The pen is ergonomically comfortable and easy to write with yet offers decent 10-hour battery life, converts writing to text live and lets you dictate using a paired smartphone. Yes, you are required to use special paper for detection and there was a pairing issue or two in testing, but overall, for the price, this is very impressive.
Charging is quick and easy via USB, making this a go anywhere option that you don't need to worry about dying with its 90-day standby time. It's also so discreet you won't be noticed as using a smart pen, nor will you notice, as this is so comfortable and natural to use.
The Rocketbook Core offers a different take to the other smart pens on this list. The Core is a notebook, made with 36 polyester composite pages which, when used with the included Pilot FriXion pens, can be wiped clean. This means writing, clearly and naturally, then scanning using the app, before wiping clean to use again. That makes this a super affordable but also sustainable pick.
The scanning part is the only effort, but this couldn't be easier as pages are recognized using a QR code and you can even select icons at the bottom of the page to have the writing uploaded to specific cloud storage locations be it Google Drive, Dropbox, Evernote and more. This even offers handwriting recognition so you can search your words digitally and use handwritten headings as digital titles.
The Moleskine Pen+ Ellipse is part of the Moleskine Smart Writing System, a collection of high-quality products by the famous Italian paper maker. The Smart Writing System includes the Pen+ and Ncoded Paper Tablets.
Like many of the smart pens we tested, the proprietary paper to work properly, but of the pens we tested, the Moleskine Pen+ Ellipse requires proprietary notebooks to function. However, we can comfortably say that Moleskines are the best, as they don’t sacrifice style or practicality. You pay a hefty price for these fancy notebooks though. The pen itself is sleek and weighs about as much as five regular Bic pens. It's comfortable to hold and easy to write with, sporting a triangular design and slender profile.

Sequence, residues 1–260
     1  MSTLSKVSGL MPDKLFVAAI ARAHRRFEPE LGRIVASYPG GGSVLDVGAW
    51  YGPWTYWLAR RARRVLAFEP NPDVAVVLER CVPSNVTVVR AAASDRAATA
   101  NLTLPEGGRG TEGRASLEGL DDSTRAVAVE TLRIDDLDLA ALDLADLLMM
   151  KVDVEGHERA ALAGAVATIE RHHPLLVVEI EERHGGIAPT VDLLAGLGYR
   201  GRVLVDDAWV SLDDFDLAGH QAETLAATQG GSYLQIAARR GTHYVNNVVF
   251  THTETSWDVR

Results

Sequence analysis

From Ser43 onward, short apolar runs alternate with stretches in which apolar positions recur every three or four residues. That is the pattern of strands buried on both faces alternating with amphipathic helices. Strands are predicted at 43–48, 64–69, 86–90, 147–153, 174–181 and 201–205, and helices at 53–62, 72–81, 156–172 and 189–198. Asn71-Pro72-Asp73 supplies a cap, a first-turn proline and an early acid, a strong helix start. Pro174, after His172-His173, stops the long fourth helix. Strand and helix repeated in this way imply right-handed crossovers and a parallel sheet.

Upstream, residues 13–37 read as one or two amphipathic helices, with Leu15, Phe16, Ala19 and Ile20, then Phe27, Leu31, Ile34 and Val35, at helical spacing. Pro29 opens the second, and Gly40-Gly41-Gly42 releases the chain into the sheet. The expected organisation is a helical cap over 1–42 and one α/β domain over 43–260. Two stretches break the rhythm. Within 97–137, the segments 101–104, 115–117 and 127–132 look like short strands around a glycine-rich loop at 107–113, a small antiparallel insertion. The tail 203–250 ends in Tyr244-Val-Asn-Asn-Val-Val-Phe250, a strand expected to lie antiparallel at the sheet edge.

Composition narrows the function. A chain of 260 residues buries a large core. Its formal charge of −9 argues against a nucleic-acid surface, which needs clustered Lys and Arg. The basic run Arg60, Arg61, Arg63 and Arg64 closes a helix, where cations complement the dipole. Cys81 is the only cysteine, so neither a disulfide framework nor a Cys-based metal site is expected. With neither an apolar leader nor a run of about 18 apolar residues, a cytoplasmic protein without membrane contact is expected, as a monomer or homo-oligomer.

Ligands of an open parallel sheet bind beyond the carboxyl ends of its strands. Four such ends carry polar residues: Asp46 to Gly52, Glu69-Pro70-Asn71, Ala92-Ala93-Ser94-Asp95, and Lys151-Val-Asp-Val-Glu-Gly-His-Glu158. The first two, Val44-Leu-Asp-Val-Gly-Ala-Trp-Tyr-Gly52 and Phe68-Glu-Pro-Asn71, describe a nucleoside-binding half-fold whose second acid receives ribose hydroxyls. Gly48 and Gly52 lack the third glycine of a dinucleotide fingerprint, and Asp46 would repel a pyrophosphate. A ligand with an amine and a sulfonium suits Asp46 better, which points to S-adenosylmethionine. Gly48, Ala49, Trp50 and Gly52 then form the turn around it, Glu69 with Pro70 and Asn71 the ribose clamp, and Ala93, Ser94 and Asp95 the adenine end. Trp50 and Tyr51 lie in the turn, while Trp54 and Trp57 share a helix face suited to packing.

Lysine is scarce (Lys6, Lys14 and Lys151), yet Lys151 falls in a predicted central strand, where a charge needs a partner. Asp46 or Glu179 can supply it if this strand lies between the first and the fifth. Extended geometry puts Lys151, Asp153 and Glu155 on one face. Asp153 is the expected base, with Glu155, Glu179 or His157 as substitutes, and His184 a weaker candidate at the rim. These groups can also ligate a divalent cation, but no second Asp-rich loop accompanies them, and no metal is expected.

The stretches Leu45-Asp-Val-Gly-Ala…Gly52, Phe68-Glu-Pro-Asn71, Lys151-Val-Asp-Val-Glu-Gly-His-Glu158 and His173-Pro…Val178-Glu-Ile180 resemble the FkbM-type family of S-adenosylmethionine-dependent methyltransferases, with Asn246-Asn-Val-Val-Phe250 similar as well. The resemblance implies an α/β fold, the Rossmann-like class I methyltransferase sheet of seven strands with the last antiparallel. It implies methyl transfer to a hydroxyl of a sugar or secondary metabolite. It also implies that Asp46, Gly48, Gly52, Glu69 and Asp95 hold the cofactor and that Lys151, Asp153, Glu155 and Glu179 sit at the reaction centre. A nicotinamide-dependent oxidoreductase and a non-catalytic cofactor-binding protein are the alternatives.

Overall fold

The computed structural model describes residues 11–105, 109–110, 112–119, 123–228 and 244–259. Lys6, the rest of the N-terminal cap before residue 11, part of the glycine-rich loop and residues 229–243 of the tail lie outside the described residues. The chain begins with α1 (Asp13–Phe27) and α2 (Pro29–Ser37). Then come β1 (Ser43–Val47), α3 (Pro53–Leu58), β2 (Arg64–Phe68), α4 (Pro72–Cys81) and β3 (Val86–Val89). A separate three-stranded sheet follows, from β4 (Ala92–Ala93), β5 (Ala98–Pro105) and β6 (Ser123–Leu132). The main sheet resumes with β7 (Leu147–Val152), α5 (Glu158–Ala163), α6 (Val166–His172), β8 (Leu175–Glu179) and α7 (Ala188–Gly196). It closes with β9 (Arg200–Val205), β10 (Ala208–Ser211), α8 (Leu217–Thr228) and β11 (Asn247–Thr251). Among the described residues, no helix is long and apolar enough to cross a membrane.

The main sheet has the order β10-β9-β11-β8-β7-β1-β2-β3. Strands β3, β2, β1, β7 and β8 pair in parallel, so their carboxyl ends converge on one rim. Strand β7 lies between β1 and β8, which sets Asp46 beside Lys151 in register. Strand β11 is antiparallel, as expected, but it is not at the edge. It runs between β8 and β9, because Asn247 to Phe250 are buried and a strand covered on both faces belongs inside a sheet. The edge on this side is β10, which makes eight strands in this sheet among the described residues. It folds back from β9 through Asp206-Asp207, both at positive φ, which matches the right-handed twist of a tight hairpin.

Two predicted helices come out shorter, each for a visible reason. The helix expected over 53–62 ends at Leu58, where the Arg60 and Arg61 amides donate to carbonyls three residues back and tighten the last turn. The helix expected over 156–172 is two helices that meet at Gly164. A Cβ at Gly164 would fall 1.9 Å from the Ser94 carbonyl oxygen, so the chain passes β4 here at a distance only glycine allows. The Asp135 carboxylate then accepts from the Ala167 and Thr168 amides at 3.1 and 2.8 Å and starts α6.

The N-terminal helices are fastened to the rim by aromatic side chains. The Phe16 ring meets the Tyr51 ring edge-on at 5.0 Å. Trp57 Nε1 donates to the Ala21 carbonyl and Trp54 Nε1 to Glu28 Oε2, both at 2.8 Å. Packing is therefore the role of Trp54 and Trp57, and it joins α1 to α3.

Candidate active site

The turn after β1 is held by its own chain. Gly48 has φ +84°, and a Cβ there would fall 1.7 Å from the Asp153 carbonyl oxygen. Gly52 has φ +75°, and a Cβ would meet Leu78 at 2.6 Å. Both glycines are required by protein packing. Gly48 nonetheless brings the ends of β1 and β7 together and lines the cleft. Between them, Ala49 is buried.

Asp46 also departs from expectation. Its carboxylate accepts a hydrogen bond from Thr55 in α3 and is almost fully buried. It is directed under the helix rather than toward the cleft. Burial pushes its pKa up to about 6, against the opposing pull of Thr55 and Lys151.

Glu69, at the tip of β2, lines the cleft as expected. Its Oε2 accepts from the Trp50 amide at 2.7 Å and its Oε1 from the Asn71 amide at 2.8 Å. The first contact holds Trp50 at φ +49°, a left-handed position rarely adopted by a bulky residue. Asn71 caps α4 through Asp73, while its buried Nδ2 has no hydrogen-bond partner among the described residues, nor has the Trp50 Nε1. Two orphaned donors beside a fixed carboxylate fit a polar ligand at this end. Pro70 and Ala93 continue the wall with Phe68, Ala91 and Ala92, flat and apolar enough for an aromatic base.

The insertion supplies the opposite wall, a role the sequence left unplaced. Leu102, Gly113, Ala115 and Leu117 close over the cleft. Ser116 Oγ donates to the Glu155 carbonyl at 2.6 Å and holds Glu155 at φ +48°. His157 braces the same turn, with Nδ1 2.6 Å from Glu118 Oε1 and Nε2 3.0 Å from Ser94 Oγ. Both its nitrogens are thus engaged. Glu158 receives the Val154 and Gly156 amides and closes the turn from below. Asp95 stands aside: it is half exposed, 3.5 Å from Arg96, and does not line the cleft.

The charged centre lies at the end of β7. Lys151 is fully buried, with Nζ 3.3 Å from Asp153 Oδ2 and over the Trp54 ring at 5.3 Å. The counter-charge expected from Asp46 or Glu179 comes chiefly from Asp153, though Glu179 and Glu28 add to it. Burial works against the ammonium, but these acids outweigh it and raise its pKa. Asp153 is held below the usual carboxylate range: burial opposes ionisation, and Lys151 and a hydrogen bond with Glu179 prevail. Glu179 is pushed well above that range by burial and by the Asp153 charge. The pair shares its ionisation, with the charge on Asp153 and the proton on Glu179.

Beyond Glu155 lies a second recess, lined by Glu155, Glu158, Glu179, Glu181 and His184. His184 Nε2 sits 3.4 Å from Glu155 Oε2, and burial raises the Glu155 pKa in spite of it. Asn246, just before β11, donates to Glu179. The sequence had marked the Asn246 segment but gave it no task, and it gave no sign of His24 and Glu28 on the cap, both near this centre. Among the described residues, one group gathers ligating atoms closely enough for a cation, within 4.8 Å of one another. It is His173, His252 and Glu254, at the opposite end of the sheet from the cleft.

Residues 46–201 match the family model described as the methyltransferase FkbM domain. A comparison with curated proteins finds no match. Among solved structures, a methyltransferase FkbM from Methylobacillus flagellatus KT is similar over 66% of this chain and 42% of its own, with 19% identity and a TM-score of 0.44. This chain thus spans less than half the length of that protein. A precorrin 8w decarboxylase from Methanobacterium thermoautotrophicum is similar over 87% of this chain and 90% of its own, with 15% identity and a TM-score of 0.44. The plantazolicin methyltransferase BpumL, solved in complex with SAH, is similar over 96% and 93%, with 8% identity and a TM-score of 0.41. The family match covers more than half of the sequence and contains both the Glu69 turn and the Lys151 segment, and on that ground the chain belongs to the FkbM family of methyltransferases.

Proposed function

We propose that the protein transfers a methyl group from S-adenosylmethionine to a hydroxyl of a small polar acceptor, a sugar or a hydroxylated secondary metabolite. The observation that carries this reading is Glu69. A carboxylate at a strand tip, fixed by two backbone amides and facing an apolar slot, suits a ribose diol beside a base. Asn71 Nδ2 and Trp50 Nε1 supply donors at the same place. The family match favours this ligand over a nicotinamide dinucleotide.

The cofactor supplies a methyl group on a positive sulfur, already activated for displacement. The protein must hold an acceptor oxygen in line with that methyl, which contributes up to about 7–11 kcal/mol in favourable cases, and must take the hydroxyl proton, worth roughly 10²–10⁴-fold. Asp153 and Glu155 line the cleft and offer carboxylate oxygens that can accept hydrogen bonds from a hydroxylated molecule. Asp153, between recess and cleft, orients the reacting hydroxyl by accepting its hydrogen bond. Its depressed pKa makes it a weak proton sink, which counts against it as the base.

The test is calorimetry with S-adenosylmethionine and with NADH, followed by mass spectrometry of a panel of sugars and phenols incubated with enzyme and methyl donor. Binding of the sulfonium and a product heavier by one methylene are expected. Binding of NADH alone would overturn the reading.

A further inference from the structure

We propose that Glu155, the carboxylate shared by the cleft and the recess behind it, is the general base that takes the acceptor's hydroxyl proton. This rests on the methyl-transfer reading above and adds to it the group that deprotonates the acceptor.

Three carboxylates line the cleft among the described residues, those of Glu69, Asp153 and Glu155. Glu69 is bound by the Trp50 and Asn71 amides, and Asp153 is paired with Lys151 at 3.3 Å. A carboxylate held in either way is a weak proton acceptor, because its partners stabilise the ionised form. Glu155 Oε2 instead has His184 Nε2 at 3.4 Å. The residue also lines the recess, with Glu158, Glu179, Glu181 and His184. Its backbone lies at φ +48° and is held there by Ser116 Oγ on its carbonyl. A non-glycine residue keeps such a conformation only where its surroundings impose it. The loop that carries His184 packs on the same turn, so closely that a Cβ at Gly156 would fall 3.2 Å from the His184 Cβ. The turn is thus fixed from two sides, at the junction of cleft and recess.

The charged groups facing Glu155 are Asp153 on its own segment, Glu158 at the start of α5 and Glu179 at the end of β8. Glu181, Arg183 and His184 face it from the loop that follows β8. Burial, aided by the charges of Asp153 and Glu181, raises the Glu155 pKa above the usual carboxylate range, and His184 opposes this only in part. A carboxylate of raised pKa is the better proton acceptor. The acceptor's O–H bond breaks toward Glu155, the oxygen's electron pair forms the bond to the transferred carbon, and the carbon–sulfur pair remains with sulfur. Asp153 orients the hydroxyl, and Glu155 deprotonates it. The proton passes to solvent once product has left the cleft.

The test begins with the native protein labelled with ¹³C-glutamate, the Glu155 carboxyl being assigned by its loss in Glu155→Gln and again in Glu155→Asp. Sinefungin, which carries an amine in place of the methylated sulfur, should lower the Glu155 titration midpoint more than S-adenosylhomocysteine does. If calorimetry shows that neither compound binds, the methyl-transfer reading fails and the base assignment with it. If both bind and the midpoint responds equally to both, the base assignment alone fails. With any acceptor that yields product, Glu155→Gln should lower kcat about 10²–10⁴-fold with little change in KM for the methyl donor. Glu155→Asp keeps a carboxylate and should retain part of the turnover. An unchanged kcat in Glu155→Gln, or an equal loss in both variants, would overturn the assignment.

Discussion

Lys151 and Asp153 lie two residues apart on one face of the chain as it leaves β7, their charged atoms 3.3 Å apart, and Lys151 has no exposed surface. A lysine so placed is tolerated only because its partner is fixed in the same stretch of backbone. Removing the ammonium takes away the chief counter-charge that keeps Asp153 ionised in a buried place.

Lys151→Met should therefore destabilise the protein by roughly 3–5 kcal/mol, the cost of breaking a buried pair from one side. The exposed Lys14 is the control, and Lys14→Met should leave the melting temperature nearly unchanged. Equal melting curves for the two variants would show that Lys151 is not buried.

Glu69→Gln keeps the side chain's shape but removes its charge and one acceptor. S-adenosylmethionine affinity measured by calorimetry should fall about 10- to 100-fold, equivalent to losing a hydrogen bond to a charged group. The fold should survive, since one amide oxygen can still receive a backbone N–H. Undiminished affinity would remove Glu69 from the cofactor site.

In our handwriting tests, however, the Pen+ recorded only one error when we wrote out the full Gettysburg address. Likewise, transcribing the written words to the app had highly accurate results, even with messy handwriting. But it didn’t fare as well in our drawing tests, so it’s not the best choice for artists.
Despite that, the great handwriting accuracy paired with the app’s ability to record audio make it great for note-taking during lectures or meetings.
The Livescribe Echo almost has it all. It delivers fantastic accuracy for both writing and drawing which is vital for a smart pen. It also comes with a built in audio recorder, allowing to you to record interviews and lectures so that you can write them out later. It even has a great battery life despite these added features.
Sadly where the Livescribe Echo falls down is in the comfort department. Because it has an audio recorder stuffed into its casing alongside all the other technology, Livescribe have had to make the Echo extraordinarily bulky to accommodate all this tech which makes it cumbersome to use.